Airplanes: “Calvin Frye was much interested in mechanical developments and was a steady subscriber to technical magazines. When it was announced that an airplane meet would take place at Squantum, Massachusetts, Mr. Frye and other members of the household very much wished to attend. Mrs. Eddy agreed that the household should be divided into two groups to go on separate days. Accordingly, on the first day, when Calvin Frye had finished his duties, he jumped into the White steamer automobile which was waiting at the door and was off to Squantum. The little group returned to the family circle at five that afternoon. This was the longest vacation Mr. Frye had taken in all his twenty-eight years of service.”1

Automobile: “Mrs. Eddy did not care for the automobile. Although she owned cars for the use of the members of her household, only on one occasion did she ride in one of them. She much preferred her reliable pair of horses, Major and Princess, for she felt that she knew them and that they knew her.”2 John Salchow mentions in his reminiscence that Eddy also later bought a small Ford, which was much easier to drive, for her household to use for errands.3 For more information on one such automobile in use at Eddy’s house, please see the Library’s November 2011 object of the month.

Electricity: Eddy used electricity, but preferred gaslight for reading (light bulbs at this time were harsh and glaring).4

Elevator: There were two electric elevators at Chestnut Hill. One, for the staff, was completed just before Eddy moved in on January 26, 1908. The other was connected to Eddy’s rooms and was completed in February 1908. Electric elevators were a newer technology at that time and Eddy had some reservations about their safety.5 However, in the end she was assured of their security and “she was greatly pleased with…the new elevator, which dropped her immediately to the porte-cochère where she took her carriage.”6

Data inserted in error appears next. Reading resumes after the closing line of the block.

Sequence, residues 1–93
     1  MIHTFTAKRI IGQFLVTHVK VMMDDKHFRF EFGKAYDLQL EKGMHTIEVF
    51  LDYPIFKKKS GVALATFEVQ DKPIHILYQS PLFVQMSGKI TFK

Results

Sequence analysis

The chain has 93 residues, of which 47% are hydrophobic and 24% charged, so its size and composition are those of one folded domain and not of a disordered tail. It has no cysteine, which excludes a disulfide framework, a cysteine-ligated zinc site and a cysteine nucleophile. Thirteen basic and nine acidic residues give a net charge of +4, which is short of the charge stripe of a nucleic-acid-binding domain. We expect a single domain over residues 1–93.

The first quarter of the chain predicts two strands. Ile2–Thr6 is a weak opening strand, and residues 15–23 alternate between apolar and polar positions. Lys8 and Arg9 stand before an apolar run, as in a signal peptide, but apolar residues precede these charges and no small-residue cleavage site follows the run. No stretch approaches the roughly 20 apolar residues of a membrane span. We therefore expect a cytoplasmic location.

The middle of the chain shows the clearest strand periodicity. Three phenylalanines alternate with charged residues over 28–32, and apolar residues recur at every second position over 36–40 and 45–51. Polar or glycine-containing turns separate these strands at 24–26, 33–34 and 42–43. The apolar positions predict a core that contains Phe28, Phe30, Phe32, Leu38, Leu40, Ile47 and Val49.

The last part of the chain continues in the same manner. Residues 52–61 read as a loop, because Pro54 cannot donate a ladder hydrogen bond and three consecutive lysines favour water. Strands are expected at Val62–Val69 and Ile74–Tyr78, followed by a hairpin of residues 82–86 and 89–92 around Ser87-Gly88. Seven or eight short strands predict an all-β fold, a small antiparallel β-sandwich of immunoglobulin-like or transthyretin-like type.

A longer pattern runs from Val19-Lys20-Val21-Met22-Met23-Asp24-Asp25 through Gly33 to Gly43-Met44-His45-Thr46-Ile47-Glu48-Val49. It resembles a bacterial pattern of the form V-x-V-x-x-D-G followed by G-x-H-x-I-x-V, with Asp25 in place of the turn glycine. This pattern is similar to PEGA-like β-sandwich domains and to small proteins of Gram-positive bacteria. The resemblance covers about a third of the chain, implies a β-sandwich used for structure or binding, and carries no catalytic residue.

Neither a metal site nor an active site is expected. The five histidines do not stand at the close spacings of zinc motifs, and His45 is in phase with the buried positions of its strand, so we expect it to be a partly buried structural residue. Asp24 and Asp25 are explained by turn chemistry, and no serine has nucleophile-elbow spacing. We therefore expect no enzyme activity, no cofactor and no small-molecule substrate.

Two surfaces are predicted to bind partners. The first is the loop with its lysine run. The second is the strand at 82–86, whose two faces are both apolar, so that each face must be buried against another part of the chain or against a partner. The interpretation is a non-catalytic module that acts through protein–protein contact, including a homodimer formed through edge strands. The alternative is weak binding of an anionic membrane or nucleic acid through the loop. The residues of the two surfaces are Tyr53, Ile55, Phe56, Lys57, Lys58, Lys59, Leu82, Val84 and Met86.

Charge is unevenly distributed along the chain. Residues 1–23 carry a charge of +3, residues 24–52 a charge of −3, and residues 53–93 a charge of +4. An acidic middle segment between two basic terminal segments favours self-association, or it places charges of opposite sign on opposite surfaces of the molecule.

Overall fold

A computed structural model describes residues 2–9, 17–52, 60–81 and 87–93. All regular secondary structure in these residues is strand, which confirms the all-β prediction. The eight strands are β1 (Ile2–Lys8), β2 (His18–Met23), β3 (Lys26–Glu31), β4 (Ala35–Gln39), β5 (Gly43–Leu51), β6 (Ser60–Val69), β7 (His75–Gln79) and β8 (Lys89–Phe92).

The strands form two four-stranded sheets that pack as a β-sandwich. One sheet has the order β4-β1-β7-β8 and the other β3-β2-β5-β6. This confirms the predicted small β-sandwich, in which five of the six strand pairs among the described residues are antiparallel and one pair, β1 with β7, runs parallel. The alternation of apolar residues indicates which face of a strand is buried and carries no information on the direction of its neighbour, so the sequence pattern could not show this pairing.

Phonograph: At Chestnut Hill there was a player piano and a Victrola, and although Eddy seldom listened to the piano she took keen pleasure in a few of the Victrola recordings by leading musicians.7

Telephone: There were telephones at Chestnut Hill. It’s not clear whether Eddy used a telephone, but she did use a form of a call button which allowed her to ring for different staff members.8

Telescope: “At one time Mr. Dickey bought a telescope, which was placed on the roof at Chestnut Hill, for the use of the family. We all became quite interested in astronomy. I remember going up there one night to see Halley’s comet, but I never succeeded in finding it. Miss Eveleth, Mrs. Sargent and most of the members of the household went up from time to time and some of them developed quite a knowledge of the subject.”9

Typewriter: Eddy’s secretaries frequently used typewriters, beginning as early as the 1880s.10

Vacuum cleaner: “There were no vacuum cleaners until after I had been there several months (1908). I think we had almost the first one that came out.”11

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  1. Irving C. Tomlinson, Twelve Years with Mary Baker Eddy (Boston: The Christian Science Publishing Society, 1994), 223-224.
  2. Ibid., 221, 223-224.
  3. Rem. John Salchow, 110.
  4. Rem. Irving Tomlinson, 774.
  5. S. S. Beman to Mary Baker Eddy, November 1907, L16497.
  6. Rem. Adam Dickey, 120.
  7. Lyman P. Powell, Mary Baker Eddy: A Life Size Portrait (Boston: The Christian Science Publishing Society, 1991), 236.
  8. Rem. Salchow, 54.
  9. Ibid., 119-20.
  10. Rem. Tomlinson, 774.
  11. Rem. Martha Wilcox, 20.